To prove that a DACA recipient is eligible for employment, they will have to provide an Employment Authorization Document, which will verify the work status. Even if you are currently working, and can demonstrate your income through paystubs, bank statements, and other information, you will need to provide this document. If the document is set to expire but the DACA recipient has a history of residency-status renewal, the lender may assume that continuation will be granted. However, if there are no renewals, it’s up to the lender to determine the likelihood that a renewal will be granted.
Must Meet Same Basic Lending Requirements as U.S. Citizen
Finally, the borrower on these loans needs to meet the same basic standards that all U.S. citizens would need to meet. This includes specific requirements for credit scores, downpayment, debt ratio, and more.
For example, the FHA has requirements for credit and downpayments, which are related. To use these loans, you will need a credit score of at least 580. There are also eligibility requirements related to downpayments; you’ll need a downpayment of 3.5%, although this may be higher if your score is not great.
Benefits of FHA Loans
Why is this such a big deal? After all, there are other loans available, and DACA recipients can find other sources of lending. FHA loans, however, bring a variety of benefits that other mortgages can’t. The biggest difference is that these loans are supported by the FHA (Federal Housing Administration), which means they have the full support of the United States government. Because of this support, the risk to lenders is reduced; because the risk is reduced, lenders can offer fantastic loan terms and qualifications.
Decent Credit = Low Downpayment
To qualify for support from the FHA, the borrower must meet certain credit requirements. However, these requirements are often lower than many other loan options, and people with quality credit (but not necessarily stellar) can qualify for a loan with a low downpayment.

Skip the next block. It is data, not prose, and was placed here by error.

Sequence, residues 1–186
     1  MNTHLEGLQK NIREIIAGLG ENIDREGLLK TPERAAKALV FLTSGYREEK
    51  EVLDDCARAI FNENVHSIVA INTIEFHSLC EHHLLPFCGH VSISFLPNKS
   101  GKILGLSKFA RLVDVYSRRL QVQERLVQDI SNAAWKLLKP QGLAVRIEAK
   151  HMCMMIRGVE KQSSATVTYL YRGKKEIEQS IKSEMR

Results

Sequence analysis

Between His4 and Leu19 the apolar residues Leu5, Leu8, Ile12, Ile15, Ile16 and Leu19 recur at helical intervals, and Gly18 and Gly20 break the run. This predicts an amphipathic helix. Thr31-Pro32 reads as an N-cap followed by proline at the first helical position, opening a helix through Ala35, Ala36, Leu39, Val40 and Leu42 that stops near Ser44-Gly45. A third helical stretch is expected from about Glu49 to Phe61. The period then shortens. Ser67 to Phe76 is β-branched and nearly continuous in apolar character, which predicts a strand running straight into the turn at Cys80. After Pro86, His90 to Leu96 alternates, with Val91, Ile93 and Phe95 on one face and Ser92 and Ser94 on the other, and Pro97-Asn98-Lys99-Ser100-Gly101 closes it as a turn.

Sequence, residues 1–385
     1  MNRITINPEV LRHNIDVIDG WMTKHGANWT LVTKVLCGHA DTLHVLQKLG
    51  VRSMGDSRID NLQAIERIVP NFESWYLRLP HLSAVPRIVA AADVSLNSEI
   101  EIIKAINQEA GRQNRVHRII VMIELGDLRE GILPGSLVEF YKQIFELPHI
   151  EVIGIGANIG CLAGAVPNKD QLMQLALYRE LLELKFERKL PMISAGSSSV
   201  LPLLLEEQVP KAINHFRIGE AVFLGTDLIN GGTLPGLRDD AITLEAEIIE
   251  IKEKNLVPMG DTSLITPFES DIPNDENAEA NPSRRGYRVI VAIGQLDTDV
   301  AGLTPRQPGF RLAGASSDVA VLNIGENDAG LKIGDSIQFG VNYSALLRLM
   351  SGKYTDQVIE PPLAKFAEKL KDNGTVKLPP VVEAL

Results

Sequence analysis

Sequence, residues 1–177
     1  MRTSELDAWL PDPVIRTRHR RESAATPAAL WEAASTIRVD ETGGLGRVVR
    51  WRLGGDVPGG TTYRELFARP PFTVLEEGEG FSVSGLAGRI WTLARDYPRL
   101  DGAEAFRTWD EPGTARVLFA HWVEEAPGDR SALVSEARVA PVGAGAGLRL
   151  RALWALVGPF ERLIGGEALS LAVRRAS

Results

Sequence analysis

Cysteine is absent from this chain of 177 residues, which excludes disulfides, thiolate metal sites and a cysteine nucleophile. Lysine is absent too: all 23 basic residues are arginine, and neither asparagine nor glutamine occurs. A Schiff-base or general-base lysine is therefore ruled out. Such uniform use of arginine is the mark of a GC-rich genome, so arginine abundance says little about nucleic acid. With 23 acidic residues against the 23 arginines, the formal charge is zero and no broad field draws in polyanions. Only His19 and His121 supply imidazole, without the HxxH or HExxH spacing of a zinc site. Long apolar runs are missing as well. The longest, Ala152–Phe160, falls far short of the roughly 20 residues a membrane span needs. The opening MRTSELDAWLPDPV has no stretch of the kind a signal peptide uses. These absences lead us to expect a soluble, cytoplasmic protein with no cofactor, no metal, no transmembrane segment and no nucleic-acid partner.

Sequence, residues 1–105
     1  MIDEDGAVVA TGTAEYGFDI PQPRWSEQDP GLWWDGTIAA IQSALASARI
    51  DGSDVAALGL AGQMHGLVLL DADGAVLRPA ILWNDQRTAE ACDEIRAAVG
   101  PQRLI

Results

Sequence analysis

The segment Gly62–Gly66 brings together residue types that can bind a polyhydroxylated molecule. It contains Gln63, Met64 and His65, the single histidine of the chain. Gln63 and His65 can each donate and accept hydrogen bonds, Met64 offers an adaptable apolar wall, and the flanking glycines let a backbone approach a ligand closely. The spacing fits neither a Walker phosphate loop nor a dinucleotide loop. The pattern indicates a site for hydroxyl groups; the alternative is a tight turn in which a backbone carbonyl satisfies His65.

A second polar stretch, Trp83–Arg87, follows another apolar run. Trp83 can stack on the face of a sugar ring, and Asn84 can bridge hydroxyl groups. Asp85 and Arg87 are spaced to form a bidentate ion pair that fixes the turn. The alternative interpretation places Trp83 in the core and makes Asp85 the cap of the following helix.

If you have a credit score of 580 or higher, you can secure an FHA loan with as little as 3.5%. So let’s assume you are buying a house with a total purchase price of $400,000. In this case, a 3.5% downpayment would be $14,000. That’s far less than other downpayment requirements; some require as much as 10%, which in this example would mean $40,000.
The FHA is also available for borrowers with scores lower than 580. If your score is between 579 and 500, you can still qualify for an FHA loan. However, you will need to bring a 10% downpayment.
It should be noted that these are base requirements. Lenders can place additional requirements on qualification and still have FHA support for their loan; they just can’t require less. (For example, they can’t receive FHA support if the borrower only has a 2% downpayment, but they can if it’s a 5% downpayment.)
Get the Service You Deserve from a Dedicated Team
If you are a DACA recipient or a “dreamer,” and you’re interested in purchasing a home in the United States, contact our staff today. We are proud to serve people from all walks of life, and we would love to help you find the right mortgage loan for your specific needs.
An FHA loan can bring numerous advantages, but we’ll show you all the best options so you can make an informed, confident decision on your home loan!